Dromm launches early political campaign

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The invitation to Thursday night’s fund-raiser for Daniel Dromm, a fourth-grade public school teacher who is probably the borough’s most prominent gay rights activist, has all the trappings of an ambitious piece of campaign literature — with only one glaring omission.

The front cover reads like a who’s who of borough politics, listing 10 prominent public officials — including state Sen. Toby Stavisky (D-Whitestone), state Assemblyman Brian McLaughlin (D-Flushing) and City Councilman John Liu (D-Flushing) — who collectively invite the recipient to Pio Pio Restaurant in Jackson Heights for a three-hour shin-dig.

The inside page lists three issues that “are central to Danny’s campaign — education, quality-of-life problems, and human rights,” and it even ends with a slogan, short and sweet: “Daniel Dromm. He’s the one!”

The only thing missing is the office he is running for.

If Dromm has not yet declared for a particular political seat, perhaps it is because that seat has yet to be created. The lines for state senate and assembly districts are being redrawn to account for population changes recorded in the 2000 census, a process that must be completed well before those seats go up for grabs in the November elections.

Dromm, a 46-year-old Democrat, lives in Jackson Heights, a neighborhood that is slated to get a new assembly seat under the initial redistricting plan that was proposed last month by the state Legislature.

It also happens to be the heart of the borough’s gay community, for which he has acted as a vocal leader since coming out as an openly gay teacher and founding the Queens Lesbian and Gay Pride Parade and Festival a decade ago.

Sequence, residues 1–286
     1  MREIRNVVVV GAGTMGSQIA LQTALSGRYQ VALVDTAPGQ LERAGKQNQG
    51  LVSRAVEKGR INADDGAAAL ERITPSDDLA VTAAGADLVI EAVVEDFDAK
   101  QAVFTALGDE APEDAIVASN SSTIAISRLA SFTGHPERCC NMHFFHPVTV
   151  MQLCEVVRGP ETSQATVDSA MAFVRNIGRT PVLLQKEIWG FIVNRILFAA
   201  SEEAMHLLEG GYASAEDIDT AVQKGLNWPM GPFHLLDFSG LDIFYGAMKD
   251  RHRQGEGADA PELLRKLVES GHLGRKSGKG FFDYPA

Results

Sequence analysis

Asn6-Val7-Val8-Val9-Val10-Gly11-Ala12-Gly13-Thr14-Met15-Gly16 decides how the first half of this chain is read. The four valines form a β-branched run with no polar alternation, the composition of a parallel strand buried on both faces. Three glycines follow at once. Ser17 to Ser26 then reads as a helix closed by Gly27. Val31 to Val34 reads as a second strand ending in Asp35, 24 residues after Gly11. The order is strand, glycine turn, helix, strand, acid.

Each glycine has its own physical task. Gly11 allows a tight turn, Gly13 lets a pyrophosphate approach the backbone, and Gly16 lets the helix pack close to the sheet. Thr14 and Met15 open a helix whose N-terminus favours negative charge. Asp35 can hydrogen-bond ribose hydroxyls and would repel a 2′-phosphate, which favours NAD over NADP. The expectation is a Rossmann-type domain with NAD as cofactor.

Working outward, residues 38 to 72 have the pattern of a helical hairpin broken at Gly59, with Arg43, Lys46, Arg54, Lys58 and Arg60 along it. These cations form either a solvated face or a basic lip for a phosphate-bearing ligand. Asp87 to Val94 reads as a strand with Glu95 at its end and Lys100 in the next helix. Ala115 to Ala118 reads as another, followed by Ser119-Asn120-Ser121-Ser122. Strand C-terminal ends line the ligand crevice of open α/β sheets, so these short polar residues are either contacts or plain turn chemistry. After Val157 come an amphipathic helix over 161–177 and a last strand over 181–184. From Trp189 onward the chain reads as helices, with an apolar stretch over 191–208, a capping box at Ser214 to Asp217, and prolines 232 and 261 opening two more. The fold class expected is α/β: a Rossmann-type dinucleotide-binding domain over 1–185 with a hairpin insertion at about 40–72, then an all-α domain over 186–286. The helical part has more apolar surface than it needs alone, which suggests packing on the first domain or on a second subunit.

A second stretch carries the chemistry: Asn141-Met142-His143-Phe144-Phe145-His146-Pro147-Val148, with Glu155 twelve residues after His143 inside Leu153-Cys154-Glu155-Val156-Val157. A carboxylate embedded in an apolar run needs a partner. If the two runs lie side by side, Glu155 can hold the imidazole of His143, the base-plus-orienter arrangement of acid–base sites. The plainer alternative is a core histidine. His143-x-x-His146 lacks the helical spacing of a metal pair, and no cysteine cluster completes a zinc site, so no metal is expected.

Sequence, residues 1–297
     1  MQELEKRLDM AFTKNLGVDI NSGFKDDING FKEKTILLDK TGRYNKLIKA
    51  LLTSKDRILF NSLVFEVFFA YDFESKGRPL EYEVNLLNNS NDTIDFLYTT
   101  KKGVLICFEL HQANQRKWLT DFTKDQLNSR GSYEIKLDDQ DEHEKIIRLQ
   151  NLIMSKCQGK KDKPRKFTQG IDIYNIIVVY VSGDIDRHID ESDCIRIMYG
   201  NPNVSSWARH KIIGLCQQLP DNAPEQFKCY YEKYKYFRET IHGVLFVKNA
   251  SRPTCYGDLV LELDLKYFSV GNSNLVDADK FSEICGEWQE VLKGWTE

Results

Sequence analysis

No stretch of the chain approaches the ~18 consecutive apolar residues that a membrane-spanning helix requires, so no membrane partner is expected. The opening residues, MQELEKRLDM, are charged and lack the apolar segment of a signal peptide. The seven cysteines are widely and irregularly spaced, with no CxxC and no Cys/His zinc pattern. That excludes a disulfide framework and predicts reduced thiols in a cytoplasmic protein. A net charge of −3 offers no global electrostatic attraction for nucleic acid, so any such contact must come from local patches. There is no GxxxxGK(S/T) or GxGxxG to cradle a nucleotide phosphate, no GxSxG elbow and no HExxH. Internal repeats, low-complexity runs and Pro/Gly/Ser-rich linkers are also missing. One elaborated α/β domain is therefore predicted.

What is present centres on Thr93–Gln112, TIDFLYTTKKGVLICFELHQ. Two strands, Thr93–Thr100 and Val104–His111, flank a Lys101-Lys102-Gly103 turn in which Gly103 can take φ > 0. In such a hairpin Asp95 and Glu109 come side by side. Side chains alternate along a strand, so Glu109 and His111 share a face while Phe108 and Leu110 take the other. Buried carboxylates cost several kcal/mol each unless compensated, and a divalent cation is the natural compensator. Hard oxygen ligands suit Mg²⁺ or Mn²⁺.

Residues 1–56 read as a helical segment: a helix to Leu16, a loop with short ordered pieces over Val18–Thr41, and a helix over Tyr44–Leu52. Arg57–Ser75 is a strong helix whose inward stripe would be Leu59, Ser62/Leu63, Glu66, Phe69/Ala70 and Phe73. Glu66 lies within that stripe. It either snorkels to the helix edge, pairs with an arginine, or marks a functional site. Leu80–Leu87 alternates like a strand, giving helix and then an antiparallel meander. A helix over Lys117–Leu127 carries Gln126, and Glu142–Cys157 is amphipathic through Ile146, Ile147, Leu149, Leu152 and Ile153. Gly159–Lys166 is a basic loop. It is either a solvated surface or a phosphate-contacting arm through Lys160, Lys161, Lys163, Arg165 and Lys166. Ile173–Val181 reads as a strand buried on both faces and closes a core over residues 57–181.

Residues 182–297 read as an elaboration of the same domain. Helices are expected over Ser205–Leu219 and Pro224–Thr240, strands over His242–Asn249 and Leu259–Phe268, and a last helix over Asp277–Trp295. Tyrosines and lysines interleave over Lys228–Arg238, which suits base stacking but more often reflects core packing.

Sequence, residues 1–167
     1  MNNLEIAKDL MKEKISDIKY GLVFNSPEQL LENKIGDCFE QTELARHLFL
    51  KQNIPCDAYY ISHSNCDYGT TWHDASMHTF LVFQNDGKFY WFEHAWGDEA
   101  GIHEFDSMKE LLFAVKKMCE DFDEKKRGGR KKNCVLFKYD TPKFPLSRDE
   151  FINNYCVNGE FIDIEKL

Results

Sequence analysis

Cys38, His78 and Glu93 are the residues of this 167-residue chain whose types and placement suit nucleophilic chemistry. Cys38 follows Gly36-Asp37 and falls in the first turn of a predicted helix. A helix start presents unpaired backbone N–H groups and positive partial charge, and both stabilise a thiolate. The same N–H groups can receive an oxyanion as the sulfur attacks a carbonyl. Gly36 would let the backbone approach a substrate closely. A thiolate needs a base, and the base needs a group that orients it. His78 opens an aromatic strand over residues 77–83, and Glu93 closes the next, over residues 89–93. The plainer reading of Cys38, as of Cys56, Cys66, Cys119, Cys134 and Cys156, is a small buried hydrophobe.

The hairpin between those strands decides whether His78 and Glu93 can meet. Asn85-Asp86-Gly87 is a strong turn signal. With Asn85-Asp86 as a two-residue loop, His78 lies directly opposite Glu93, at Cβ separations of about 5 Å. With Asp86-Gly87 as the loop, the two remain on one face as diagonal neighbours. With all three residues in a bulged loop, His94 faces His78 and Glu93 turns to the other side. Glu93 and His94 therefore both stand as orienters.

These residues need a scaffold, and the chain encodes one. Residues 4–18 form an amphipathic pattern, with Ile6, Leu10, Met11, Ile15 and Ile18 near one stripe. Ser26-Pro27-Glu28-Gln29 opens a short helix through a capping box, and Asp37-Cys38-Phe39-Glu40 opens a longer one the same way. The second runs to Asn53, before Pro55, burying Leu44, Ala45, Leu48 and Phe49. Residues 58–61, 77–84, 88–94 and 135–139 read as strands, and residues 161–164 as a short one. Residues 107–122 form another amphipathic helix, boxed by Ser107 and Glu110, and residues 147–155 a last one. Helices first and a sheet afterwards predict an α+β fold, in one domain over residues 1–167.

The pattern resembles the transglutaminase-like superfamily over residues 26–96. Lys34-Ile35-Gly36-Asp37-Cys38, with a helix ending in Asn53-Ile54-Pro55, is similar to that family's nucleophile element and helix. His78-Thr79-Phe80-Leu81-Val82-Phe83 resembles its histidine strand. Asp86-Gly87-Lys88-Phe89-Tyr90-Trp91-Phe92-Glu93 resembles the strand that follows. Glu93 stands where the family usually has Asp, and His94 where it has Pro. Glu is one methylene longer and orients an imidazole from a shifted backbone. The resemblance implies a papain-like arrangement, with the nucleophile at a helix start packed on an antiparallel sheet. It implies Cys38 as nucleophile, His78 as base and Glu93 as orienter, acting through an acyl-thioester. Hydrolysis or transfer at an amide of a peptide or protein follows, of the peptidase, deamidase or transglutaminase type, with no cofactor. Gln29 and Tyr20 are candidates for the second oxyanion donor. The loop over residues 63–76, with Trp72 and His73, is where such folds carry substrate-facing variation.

Whether he runs for assemblyman or district leader, Dromm is counting on capitalizing on his support in the neighborhood’s gay community — although he is looking well beyond it as well.

“I’ve begun to look at those lines,” Dromm said in a phone interview last week, alluding to the boundaries of the proposed districts. “I want to physically go out, see the neighborhoods that are included, look for where my support is strongest in the community and make the determination of what seat I’m going to run for.”

His political ambitions began to ferment during his early days in the borough’s gay right movement, which exploded a decade ago following the bias murder of a homosexual man and a borough school board’s assault on the city’s Rainbow Curriculum, which taught tolerance to gays and all minorities.

“I knew eight or nine years ago that eventually I would like to do something political down the road,” he said. “I didn’t know when opportunity would kind of knock at the door. That’s what happened with this redistricting. It seems to be the right time and the right place to begin to really do something.”

But the new district lines were drawn with another minority in mind. Hispanics make up 65 percent of the population in the proposed district, making it a likely attraction for a wide field of Latino candidates — a community in which Dromm believes he would also find extensive support.

“I do speak Spanish fluently, and I’ve had very good relationships with the Latino community,” Dromm said. “I fought very strongly for Latino empowerment in my school, and I have the backing of a lot of those parents. While it’s not directly in this district, it does speak to my credentials for garnering Latino support in this community.”

Although Dromm said gay concerns will figure strongly in his campaign, they form only one facet of his promise to fight for human rights, which is itself one of three central issues to his campaign.

A 24-year teaching veteran, he considers his most important issue to be education, vowing to fight to get “a quality teacher in front of every classroom” as part of his desire to “recommit ourselves to the students in New York City.”

He also wants to address quality-of-life issues affecting Jackson Heights, such as noise from LaGuardia Airport and dirty streets.

“I have always made sure that I don’t appear to be a one-issue person,” Dromm said. “I am a candidate who happens to be gay, and I’ve done a lot of work in the gay community, but I’ve also done a tremendous amount of work in the non-gay community.”

Reach reporter Dustin Brown by e-mail at or call 229-0300, Ext. 154.

Posted 7:02 pm, October 10, 2011
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